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As The Northeast Gets Wetter, N.H. Faces Critical Need To Fix Aging Infrastructure

Keith Shields; NHPR
Flooding in Alstead in 2005.

In light of the recent hurricanes slamming the Gulf Coast and Southeastern United States, The Exchange spoke with Perry Plummer, Director of Homeland Security and Emergency Management, Jonathan Winter, a Dartmouth professor who has studied increasing precipitation over the last two decades in New England, and two engineers, Jim Gallagher, who specializes in dams, and Fred McNeill, who works in wastewater treatment, about how well New Hampshire is prepared for major weather events. 

New England is wetter than it was twenty years ago.

A study from Dartmouth College found that starting in 1996, the Northeast has had 50 percent more extreme precipitation than in previous years.

Jonathan Winter, one of the authors of the study, says: 

The biggest jumps in extreme precipitation are in spring and fall, and they were both around 85 percent. So that's leading us down our next line of work, which is to see exactly what events are causing this increase in extreme precipitation. And our lead suspects for spring would be things like extra tropical cyclones [like Nor'easters].
And then, in the fall, we're fairly certain... that it's tropical cyclones causing more extreme precipitation... Now of course, we have a natural variability in our climate system. So there's nothing to say that this couldn't just be a particularly wet stretch of climate... But of course, there are also many reasons to think that climate change is contributing to this.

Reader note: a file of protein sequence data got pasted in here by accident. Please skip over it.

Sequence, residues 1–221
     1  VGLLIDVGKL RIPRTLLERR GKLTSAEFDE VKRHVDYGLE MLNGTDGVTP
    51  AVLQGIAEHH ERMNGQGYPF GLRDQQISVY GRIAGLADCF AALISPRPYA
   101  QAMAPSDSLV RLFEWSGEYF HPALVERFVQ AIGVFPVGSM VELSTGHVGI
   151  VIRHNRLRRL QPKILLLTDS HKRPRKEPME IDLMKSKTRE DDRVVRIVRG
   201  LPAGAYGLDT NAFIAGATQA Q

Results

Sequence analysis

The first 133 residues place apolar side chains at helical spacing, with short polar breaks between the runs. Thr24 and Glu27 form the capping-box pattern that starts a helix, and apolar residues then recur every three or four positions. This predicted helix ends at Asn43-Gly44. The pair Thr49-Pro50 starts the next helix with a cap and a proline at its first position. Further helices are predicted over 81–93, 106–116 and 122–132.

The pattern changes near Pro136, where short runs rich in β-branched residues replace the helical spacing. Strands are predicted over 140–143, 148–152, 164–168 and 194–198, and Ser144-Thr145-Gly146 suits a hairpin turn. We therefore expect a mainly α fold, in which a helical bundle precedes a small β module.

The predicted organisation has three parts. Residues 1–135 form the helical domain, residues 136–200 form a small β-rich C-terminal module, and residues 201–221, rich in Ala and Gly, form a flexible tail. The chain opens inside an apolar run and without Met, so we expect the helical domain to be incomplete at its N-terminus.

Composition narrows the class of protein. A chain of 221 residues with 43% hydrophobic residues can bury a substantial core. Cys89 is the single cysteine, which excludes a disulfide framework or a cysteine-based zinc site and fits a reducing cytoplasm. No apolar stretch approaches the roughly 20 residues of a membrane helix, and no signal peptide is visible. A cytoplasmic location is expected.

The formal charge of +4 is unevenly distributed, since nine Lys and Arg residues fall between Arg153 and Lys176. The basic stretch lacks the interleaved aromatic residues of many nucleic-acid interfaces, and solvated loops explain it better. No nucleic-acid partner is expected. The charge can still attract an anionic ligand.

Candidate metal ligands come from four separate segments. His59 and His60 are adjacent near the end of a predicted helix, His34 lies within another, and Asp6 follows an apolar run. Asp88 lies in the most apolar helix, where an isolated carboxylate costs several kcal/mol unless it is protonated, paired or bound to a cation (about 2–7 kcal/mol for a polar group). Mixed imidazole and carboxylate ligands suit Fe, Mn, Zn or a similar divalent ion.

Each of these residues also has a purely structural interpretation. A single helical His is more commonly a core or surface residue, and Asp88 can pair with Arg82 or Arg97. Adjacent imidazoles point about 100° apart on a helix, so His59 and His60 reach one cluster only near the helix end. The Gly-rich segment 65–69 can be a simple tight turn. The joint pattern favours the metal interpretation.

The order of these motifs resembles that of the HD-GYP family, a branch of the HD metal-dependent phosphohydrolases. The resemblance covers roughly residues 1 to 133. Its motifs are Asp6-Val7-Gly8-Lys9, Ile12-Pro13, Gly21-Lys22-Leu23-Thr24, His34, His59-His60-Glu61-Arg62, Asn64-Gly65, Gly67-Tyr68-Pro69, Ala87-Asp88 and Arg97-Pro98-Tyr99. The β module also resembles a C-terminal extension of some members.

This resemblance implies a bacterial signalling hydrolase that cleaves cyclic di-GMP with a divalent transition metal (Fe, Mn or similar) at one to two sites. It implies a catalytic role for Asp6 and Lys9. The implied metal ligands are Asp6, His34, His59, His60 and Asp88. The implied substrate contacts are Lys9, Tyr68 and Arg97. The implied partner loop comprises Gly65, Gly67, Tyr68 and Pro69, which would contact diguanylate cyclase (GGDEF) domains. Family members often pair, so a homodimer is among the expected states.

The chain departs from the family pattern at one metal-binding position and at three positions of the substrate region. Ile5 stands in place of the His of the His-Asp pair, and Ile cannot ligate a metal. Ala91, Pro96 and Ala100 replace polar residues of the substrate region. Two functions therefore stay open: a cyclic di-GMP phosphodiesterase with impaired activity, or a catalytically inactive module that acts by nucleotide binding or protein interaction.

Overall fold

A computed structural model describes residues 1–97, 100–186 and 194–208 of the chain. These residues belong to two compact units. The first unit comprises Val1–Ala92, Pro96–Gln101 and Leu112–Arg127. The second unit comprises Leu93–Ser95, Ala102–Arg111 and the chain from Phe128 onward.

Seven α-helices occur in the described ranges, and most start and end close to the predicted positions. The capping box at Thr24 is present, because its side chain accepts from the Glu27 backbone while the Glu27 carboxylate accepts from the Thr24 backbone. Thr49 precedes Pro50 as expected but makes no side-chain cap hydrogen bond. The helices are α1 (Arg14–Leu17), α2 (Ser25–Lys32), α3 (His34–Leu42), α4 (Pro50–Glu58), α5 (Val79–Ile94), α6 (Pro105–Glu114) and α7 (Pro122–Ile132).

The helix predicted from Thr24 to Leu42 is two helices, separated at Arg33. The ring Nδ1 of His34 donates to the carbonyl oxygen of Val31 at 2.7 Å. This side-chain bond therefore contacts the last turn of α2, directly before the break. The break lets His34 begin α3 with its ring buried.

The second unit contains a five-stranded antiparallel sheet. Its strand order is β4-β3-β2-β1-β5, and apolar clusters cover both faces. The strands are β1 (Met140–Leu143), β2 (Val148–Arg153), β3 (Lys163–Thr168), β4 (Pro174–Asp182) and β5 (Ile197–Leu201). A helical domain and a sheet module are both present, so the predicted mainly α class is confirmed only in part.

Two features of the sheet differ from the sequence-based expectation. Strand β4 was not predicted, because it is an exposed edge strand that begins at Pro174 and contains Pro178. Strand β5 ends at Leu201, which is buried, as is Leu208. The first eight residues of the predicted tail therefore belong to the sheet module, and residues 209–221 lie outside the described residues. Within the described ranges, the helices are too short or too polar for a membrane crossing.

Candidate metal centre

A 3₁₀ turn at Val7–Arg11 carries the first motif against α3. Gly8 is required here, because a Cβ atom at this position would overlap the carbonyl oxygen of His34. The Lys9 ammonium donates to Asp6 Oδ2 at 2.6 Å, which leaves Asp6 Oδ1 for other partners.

Climate change contributes to increased precipitation.

Jonathan Winter:

It's probably easiest to think of in terms of temperature. So, you have cold winters, you have warm winters, [but] overall, you have this kind of slow creep of increasing temperatures. And you put that on top of the cold winters and the warm winters. So yes, we will have droughts in the future, and yes, we will have wet times in the future but... our extreme precipitation events become worse, and our droughts become worse.
[As overall temperature rises] the air can hold more water, and dump it on us. It can also hold more water, and pass right over us. And also, warmer temperatures can drive more evaporation from the land surface. So, basically, what dries out our soil, you get more of that.

Preparing infrastructure to handle increased precipitation and extreme weather is essential for future weather events.

Perry Plummer, Director of Homeland Security and Emergency Management in New Hampshire, says that recent major storms, such as Hurricane Sandy, have caused widespread infrastructure issues. 

Obviously, I don't we'll get a [Hurricane] Harvey in New Hampshire, but we are going to get 10 to 15 inches of rain. And that's going to challenge our infrastructure. We need to rebuild our infrastructure to protect our residents, protect our public... everything from roads and bridges to our electrical grid, to right down to all the things that provide service: wastewater treatment plants, our water treatment plants for drinking water, all those types of critical services we need...